The starfish in our logo reminds us why we do this work. A common theme amongst people who want to make a difference in the world is that we have to start somewhere, and if we each took the time to reach out and help, the world would be a better place. This thought process is perfectly encapsulated in the Starfish Parable. It goes a little something like this.

One day, a girl was walking on a beach when she was struck by a sight she had never seen before. A terrible storm had churned the night before and left thousands of starfish washed ashore, stranded on the beach in front of her for miles. As she walked, she began to toss the starfish back into the ocean, one by one. She set about her task enthusiastically, not noticing that an old man had begun watching her with a puzzled look on his face.

“What are you doing?” the old man asked.

“I’m saving these starfish.” She said, tossing in one starfish and setting out for the next.

The old man shook his head and laughed. “Thousands of starfish are on this beach. What difference can you make?”

The girl turned toward the ocean, gently tossing another starfish into the water. “I made a difference to that one!”

The old man joined her, calling over a crowd of people and they all worked together to save the stranded starfish.

The parable of the starfish is a story of perseverance, hope, and collective action in the face of a major challenge. What is missing from this parable is the understanding that the problem may be more complex than it first appears. When looking at a beach covered in washed-up starfish, the sense of urgency can be overpowering. However, it’s still important to stop and ask questions like: “Why are the starfish washing up on the beach? If we throw them back, will they simply wash up again? Have other beaches had similar issues? If yes, then how did they try to solve them?” These are some key questions that get to the roots of the problem, exploring the reasons why a “quick fix” may not actually be a sustainable fix. Maybe the idea of “everyone pitching in” to solve the problem looks very different from a crowd of people tossing starfish back into the sea. It might look more like various local agencies working together to create a response plan. Or it might look like community members launching a grassroots effort to change local environmental policy. Or maybe both!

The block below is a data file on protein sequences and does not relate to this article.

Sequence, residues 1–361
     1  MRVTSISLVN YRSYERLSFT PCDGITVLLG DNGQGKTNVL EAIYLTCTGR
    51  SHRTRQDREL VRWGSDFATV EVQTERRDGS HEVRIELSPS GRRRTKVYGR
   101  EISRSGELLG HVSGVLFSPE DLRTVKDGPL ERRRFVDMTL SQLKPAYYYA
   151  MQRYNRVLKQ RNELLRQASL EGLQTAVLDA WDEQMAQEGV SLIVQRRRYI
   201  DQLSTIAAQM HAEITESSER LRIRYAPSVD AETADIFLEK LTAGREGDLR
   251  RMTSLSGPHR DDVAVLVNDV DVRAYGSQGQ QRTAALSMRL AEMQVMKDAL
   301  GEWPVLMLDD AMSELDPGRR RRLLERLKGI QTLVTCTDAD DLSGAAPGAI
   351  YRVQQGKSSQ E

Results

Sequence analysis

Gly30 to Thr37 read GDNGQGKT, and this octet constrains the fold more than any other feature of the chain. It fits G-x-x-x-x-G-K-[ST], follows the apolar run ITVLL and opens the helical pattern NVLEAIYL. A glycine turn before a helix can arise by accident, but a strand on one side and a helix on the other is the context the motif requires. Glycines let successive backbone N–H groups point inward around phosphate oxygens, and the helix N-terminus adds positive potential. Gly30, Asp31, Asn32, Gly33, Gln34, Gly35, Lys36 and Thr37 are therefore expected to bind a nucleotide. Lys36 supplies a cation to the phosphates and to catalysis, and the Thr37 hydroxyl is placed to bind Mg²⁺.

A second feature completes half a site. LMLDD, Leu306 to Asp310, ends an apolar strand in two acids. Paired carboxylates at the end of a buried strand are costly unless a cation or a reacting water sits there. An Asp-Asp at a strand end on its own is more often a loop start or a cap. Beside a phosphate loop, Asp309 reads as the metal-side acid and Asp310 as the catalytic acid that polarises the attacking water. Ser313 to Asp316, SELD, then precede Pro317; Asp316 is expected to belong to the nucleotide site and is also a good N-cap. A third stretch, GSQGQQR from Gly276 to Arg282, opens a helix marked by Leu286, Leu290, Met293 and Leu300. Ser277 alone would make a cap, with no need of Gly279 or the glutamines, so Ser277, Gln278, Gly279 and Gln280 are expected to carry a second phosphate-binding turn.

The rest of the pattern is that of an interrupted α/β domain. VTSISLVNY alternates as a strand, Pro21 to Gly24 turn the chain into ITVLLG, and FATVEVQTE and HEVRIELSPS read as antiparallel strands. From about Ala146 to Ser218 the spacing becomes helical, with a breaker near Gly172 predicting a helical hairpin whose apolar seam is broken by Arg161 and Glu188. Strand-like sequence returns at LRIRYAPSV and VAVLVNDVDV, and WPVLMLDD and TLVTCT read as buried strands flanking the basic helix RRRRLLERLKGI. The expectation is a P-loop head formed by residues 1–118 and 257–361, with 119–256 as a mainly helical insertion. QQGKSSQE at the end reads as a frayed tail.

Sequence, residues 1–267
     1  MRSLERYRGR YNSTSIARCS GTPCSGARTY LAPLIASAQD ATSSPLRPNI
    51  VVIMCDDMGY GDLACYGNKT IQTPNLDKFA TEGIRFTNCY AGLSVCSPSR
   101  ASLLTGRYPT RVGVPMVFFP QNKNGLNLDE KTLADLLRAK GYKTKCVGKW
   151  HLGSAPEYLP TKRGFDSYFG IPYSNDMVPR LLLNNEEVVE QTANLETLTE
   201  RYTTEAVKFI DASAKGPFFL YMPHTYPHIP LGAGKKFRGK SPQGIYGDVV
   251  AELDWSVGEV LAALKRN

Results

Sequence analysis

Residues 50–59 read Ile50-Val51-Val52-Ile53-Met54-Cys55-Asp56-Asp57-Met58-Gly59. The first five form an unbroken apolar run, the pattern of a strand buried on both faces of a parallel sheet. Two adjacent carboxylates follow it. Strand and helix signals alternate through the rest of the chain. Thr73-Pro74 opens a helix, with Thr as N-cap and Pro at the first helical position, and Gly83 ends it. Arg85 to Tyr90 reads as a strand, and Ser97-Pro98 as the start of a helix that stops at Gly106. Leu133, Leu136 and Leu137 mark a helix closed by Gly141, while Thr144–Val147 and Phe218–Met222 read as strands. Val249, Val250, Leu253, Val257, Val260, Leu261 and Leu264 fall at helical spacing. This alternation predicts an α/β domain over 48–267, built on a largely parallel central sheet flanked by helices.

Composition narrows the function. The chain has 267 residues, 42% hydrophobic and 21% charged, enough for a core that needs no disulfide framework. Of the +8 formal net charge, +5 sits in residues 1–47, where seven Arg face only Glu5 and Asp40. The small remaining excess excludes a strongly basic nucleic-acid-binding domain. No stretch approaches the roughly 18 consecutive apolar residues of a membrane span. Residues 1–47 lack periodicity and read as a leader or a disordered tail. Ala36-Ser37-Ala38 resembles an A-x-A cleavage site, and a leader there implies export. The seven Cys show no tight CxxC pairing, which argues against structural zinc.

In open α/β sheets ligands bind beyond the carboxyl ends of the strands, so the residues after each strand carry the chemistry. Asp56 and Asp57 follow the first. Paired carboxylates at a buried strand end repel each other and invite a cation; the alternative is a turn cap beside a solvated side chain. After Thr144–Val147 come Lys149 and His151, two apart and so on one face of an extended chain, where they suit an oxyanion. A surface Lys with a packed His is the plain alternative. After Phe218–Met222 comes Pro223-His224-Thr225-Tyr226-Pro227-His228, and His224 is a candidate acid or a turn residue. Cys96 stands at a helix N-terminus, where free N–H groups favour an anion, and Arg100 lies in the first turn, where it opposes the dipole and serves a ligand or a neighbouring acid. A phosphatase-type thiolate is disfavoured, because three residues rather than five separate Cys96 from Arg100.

Building on the parable of the starfish, Collective Liberty embodies the belief that we can and must harness the urgency to work together to eradicate human trafficking — it isn’t a problem that anyone can solve alone. And, most importantly, we can’t solve it without asking a lot of questions and looking deeply into the underlying systems that allow this problem to persist.

*Adapted from The Starthrower by Loren Eisley.